That is one of several questions raised by Chad
Lewis in “Hidden
Headlines of New York: Strange, Unusual and
Bizarre Newspaper Stories of 1860-1910.”
Among the strange tales Lewis amassed about the
Empire State is that of two fishermen who
reported seeing a large serpent-like creature in
Owasco Lake on July 7, 1889.
Fred C. Hayden and James O. Thomas noticed a
dark form in the water at Buck Point, on the
south end of the lake, that they initially
thought was a tree trunk. As they approached it
in their boat from a few yards away, they saw
the form move in the waves of the lake before
disappearing under the water.
“Several others whose veracity is not usually
questioned claim to have seen the serpent,” it
read in the July 8, 1889 Syracuse Post-Standard
Almost 10 years later, lakeside residents once
again confronted the possibility that a
prehistoric beast was lurking in Owasco Lake.
During her research, Owasco Town Historian
Laurel Auchampaugh discovered a May 28, 1897
article in the Auburn Daily Advertiser - taken
from the Moravia Republican - that describes
another encounter between two fishermen and the
elusive form in the water.
The men, whose
identities were withheld, described a shape that
looked like an “immense log” three to four feet
in diameter and more than 50 feet long. As they
came closer to it, the men's boat was nearly
capsized by a “fearful splashing” near the
middle of the massive object.
“They refrained from telling this occurrence,
knowing that such a story would not be
believed,” the article stated.
But belief in the sea serpent was far more than
folie a deux. A week prior to the fishermen's
sighting, an Owasco farmer traveling to Auburn
spotted the monster early one morning near the
That same week, two men reported seeing the
monster “lay on the surface of the water”
between Cascade and Indian Cove. As they closed
in on the creature, it “glided down the lake at
Photo illustration by Jason Rearick and
David Wilcox / The Citizen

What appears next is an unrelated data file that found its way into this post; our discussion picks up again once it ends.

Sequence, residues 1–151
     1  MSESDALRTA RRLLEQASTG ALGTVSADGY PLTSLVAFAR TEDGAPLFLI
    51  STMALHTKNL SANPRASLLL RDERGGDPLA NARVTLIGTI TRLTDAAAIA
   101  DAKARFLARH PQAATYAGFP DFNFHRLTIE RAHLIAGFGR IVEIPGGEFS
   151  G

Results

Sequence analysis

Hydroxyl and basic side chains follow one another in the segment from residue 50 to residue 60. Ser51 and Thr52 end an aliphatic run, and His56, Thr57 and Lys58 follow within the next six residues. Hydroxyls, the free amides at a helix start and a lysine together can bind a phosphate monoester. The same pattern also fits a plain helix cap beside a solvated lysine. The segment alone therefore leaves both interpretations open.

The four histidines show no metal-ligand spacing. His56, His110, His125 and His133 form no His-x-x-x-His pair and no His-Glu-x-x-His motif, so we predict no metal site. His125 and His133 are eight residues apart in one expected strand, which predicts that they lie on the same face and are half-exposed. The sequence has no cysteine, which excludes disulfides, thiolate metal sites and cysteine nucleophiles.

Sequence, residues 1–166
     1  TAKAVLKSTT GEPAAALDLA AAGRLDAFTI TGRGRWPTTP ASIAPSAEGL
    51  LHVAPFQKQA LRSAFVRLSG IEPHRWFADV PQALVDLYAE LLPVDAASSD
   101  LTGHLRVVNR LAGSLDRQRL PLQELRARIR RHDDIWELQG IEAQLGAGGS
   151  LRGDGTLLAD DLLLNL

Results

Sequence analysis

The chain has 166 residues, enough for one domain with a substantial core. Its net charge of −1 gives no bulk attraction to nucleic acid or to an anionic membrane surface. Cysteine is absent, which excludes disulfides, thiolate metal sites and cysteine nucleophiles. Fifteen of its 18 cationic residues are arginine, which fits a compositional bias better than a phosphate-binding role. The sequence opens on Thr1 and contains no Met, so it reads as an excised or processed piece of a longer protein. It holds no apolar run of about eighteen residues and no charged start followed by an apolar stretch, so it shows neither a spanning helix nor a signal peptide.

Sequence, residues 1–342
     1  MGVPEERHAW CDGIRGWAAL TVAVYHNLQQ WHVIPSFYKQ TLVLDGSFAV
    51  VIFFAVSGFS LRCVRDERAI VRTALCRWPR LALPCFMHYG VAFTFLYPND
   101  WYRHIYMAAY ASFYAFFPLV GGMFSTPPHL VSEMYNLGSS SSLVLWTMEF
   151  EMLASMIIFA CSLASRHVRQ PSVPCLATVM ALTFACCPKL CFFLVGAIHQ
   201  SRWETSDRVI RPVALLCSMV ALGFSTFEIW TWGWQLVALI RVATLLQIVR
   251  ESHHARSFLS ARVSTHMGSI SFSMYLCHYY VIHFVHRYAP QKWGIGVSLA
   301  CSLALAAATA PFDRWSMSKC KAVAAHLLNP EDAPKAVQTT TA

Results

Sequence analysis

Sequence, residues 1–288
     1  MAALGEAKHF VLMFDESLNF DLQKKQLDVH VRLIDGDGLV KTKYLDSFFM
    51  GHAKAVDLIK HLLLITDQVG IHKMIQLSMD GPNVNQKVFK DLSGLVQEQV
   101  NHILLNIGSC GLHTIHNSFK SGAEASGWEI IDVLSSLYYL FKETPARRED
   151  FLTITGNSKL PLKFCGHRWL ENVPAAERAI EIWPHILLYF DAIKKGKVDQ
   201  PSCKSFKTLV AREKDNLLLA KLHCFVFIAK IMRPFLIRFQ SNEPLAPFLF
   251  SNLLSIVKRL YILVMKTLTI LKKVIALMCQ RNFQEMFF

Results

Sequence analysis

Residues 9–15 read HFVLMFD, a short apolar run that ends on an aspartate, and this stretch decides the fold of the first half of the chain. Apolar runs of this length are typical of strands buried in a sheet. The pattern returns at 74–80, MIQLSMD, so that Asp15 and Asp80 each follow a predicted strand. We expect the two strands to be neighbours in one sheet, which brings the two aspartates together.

Depending on who you
talked to at the time, the serpent measured
somewhere between six and 100 feet in length.
The hysteria reached its height when a Cascade
landlord named Baker offered a $100 reward for
the sea beast's capture.
Like the Loch Ness monster myth that surrounds
that Scottish lake, there is little to no
scientific basis for the idea of an ancient sea
beast inhabiting Owasco Lake. And there is even
less evidence than the grainy photographs
supporting the existence of Nessie.
Marion Balyszak, director of the Finger Lakes
Institute, which tests and analyzes bodies of
water in central New York, has heard no recent
stories of the alleged sea serpent in Owasco
However, similar reports by boaters of strange
creatures in Seneca Lake has led Balyszak to
attribute such sightings to sturgeons, an old
and large species of fresh water fish that can
stretch up to 15 feet in length.
“They can look prehistoric-like,” she said.
The other Auburn tale Lewis dug up to feature in
“Hidden Headlines” is hardly unexplainable, but
still quite strange. “Born, Died and Buried on
the Same Day” recounts the simultaneous birth
and death of neighbors Hugh D. Crawford and Mrs.
John Dates. The 1907 tale is part of the book's
selection of oddity stories.
“It runs the whole gamut of weird stories,” he
The New York book follows similar compilations
of weird stories in Texas and Lewis' native
Wisconsin that Lewis also put together. He chose
to feature New York due to the prevalence of
peculiar wire stories featured in the Wisconsin
newspaper archives. Lewis made it a point to
focus on the entire state.
“So many books focus on New York City or the big
cities, but that's not where all the weird stuff
was going on,” he said.
The tales of the sea serpent in Owasco Lake and
the neighbors with identical life spans are
presented as they were written in the newspaper
a century ago.
“I leave it up to the person to determine
whether or not they believe what they read,”
Lewis said. “That's half the fun of the book.”